But, my favorite part of the planner is the forms! There are two sections of forms, one for homeschooling and one for household planning. The homeschool planning forms come directly from the format I created years ago to use for my own kids. (I know they're good because I get the nicest compliments on my portfolios every year!) In addition to the forms that my partner and I created for the first edition of the planner, over the years we've polled our users for more form ideas, and this year's planner is more than 800 pages long (with more than half of that being forms)!  


My kids get a little frustrated with me sometimes because my perfectionist tendencies mean that I am a stickler for neatness (which my kids are not). So, I absolutely adore the fact that our whole line of Schoolhouse Planners are interactive (yes, I said "whole line" because we've added Student Planners for your kids to use too). If you're not familiar with interactive products, that simply means that you can type directly into the fields on your computer, so when you print out your forms, they are wonderfully neat!

Keeping good records is one of the best things you can do as a homeschool parent. And, even if you live in a state that doesn't require portfolios, I'd encourage you to consider creating them anyway. They make fabulous keepsakes for the kids. I'm a confessed former packrat (who comes from a long line of packrats), and I've learned that whatever does not go into our portfolios can be thrown away after our school year. I'm so proud of myself!   


If you'd like to learn more about our portfolios, I'd love to have you stop by my blog and read a post about them (complete with pictures). If you're interested in learning more about the Schoolhouse Planner, please check out the sample or e-mail me with any questions.

Though I feel totally inadequate to fill Gena's writing shoes, I'm thankful for the opportunity to visit with you this week and share a little about my passion for planning and record keeping. I'd love to hear about your record-keeping methods.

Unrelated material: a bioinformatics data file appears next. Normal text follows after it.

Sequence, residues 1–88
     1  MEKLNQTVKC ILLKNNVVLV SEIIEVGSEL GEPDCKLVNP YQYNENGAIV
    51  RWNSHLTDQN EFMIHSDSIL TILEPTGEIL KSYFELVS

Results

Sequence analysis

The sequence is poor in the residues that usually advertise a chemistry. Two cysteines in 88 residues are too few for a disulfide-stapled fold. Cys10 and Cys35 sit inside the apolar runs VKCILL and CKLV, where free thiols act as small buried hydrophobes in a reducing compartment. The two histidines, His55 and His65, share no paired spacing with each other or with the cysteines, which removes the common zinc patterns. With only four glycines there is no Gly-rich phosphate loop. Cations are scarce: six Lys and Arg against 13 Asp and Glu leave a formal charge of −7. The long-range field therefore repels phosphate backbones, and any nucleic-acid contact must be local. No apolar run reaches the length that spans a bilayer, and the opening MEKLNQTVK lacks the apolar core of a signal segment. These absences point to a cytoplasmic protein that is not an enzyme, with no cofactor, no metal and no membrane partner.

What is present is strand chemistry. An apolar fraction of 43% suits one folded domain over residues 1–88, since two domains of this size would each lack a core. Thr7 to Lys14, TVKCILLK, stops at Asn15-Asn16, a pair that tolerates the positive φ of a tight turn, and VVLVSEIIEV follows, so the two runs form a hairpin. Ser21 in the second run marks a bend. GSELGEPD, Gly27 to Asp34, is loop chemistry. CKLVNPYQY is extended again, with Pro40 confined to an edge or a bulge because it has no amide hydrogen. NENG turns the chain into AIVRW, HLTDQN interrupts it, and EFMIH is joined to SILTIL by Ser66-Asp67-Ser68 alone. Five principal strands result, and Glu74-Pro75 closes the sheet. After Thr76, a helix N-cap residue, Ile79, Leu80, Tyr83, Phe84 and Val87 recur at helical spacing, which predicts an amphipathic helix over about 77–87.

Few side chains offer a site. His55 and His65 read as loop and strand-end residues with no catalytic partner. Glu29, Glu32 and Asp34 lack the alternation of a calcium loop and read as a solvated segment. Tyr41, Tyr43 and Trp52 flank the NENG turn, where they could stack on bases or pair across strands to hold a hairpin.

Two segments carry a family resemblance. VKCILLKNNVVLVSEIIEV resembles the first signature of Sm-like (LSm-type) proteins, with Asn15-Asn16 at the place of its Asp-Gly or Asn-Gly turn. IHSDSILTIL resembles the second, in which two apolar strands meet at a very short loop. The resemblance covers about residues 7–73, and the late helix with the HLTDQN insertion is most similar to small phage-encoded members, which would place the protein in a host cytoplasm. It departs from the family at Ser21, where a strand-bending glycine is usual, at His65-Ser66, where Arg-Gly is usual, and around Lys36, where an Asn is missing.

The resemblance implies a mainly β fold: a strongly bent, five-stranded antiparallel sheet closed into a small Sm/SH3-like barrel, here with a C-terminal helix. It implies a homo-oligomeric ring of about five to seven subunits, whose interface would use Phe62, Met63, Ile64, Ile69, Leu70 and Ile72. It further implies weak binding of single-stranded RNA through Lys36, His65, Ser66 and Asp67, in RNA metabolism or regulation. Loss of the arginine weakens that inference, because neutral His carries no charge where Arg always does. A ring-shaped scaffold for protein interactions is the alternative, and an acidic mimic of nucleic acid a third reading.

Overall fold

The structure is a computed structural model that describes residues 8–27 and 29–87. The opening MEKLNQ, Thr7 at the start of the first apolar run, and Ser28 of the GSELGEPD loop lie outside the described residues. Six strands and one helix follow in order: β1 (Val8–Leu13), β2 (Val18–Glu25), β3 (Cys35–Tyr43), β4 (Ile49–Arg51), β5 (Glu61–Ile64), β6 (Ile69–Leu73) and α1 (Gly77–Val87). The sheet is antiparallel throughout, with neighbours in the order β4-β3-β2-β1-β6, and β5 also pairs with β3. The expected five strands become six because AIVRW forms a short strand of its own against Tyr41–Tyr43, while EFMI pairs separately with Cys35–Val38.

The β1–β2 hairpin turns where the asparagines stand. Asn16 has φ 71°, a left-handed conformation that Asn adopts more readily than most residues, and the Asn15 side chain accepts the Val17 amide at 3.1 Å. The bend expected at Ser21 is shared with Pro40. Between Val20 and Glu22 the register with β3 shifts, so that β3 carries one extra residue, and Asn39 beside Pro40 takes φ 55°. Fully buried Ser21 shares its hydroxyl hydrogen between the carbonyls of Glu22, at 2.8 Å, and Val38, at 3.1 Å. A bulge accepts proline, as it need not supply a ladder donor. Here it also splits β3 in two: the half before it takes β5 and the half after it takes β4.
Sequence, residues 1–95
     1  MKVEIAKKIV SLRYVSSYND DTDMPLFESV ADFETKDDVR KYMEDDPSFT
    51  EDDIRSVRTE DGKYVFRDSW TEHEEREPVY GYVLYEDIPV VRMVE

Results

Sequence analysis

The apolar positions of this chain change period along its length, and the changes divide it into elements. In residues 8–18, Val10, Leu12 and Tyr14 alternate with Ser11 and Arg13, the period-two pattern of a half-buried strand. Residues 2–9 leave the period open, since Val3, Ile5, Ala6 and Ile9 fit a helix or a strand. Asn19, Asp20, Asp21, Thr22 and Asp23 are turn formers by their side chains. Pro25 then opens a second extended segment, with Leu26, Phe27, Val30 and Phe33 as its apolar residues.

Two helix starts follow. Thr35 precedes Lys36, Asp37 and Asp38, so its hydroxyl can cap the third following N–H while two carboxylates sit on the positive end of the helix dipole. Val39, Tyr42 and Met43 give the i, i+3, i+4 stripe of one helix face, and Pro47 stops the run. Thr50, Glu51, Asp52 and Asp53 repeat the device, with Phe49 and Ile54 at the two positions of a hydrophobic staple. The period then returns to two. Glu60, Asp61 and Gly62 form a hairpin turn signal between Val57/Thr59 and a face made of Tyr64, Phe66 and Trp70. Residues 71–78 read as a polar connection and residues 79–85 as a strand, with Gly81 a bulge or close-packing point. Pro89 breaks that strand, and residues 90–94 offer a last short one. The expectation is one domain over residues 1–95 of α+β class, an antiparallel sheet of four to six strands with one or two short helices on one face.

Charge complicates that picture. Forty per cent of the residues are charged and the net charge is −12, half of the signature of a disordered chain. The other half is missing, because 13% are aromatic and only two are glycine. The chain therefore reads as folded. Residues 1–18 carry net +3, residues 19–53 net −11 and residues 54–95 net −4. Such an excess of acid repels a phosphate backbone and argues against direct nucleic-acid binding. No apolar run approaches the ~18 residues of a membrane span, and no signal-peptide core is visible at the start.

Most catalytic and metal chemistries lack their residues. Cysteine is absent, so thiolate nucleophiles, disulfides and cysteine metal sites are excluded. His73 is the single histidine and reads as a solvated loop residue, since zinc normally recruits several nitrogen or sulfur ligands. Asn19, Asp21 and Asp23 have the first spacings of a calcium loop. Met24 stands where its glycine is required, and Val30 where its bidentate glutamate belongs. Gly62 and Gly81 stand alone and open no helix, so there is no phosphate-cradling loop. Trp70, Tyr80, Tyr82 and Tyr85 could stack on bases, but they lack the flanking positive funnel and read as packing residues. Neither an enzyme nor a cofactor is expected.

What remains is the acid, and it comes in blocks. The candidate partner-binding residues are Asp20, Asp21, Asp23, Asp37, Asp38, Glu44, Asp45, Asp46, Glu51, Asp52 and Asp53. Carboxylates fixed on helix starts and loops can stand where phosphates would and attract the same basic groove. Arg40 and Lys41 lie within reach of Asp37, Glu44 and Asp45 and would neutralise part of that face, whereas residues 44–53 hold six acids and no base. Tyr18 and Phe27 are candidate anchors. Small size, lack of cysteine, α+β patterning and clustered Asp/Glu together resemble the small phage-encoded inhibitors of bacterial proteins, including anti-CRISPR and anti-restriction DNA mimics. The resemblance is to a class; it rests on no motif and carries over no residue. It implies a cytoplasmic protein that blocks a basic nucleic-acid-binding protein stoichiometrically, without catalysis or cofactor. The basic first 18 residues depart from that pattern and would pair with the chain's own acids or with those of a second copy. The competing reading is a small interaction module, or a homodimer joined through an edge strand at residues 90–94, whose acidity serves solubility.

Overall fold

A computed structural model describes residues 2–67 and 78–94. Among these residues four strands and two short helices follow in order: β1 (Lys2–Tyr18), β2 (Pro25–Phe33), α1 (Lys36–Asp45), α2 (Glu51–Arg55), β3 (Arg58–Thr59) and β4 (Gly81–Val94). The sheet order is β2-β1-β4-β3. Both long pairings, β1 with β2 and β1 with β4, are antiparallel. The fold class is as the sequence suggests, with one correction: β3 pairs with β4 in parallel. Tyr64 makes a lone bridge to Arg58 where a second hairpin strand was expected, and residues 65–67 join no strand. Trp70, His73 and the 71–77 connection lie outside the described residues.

Happy homeschooling,
~ Heidi
Special Projects Manager



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4 Music Games in One
is our first product introduced for students studying any instrument! It includes four card games-already proven in our studios-using universal symbols, note values, rests, and time signatures. They're based on four fun card games you already know-instructions are included, of course.


Todd Wilson The Familyman
Todd Wilson, Familyman Ministries

What is this? Pick topics highlighting Todd's ineptness? The truth is, I don't make lists, keep lists, organize, or . . . keep records. Well, not in the way most homeschooling moms think, anyway. Oh, I keep plenty of records, mind you, but not the unimportant ones like how they did on history tests and essays.


I keep important records of growth and maturity, like . . . love notes from my children, scribbles on scraps of paper, lost teeth, pop bottles from special outings, dirt from vacation spots, silly hats from Krispy Kreme, movie ticket stubs, artwork created from mud, sticks, and wood, and "projects" that they created with their own hands.


All these records litter my office, our house, and the top of my dresser, reminding me of what really matters. In fact, I even have a memory tree out in my yard that God made when he tore the upper half off an old oak tree. On it I nailed items that should be thrown away but that I can't seem to part with because of the "record" of my family's life.


So my advice would be to save the important "records" and don't sweat the unimportant ones. Works for me.

That concludes my ineptness for this week.


Be real,



P.S. I'll be in the Woodlands, Texas, at the THSC convention this weekend. First person to come up and say, "Howdy" gets a free "Smells Like Home" audio CD, a unique two-CD collection of smells and stories that is guaranteed to refresh your heart, reminding you of what really matters.


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It's Just Common Sense

Ruth Beechick, Curriculum Specialist 


Debbie Strayer, Homeschool Consultant 


The good news is that the record keeping needed for documenting homeschooling is generally fairly simple. The bad news is that record keeping, if ignored, can drive you crazy. As a veteran of looking at homeschoolers' records, I can say that the best records seem to be those kept most easily. Set up something that isn't overwhelming.